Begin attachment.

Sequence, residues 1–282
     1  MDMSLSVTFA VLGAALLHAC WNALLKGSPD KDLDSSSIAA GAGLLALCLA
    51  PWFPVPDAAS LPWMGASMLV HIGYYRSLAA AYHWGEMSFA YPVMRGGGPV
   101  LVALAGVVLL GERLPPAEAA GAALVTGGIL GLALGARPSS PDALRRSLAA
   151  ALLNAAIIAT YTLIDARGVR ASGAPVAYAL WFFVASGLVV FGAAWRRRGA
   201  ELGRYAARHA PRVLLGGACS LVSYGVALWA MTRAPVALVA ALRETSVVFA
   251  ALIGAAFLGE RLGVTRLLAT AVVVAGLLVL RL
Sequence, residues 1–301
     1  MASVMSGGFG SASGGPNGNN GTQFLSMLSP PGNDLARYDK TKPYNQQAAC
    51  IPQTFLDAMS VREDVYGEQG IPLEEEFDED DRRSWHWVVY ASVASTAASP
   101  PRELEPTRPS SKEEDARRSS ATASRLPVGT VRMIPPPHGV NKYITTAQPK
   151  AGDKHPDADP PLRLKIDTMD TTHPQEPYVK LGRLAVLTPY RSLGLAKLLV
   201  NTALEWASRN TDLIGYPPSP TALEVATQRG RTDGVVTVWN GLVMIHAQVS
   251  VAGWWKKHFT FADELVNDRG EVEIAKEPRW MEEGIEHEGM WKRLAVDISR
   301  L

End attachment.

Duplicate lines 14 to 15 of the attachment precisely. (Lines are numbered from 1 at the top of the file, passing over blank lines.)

   251  VAGWWKKHFT FADELVNDRG EVEIAKEPRW MEEGIEHEGM WKRLAVDISR
   301  L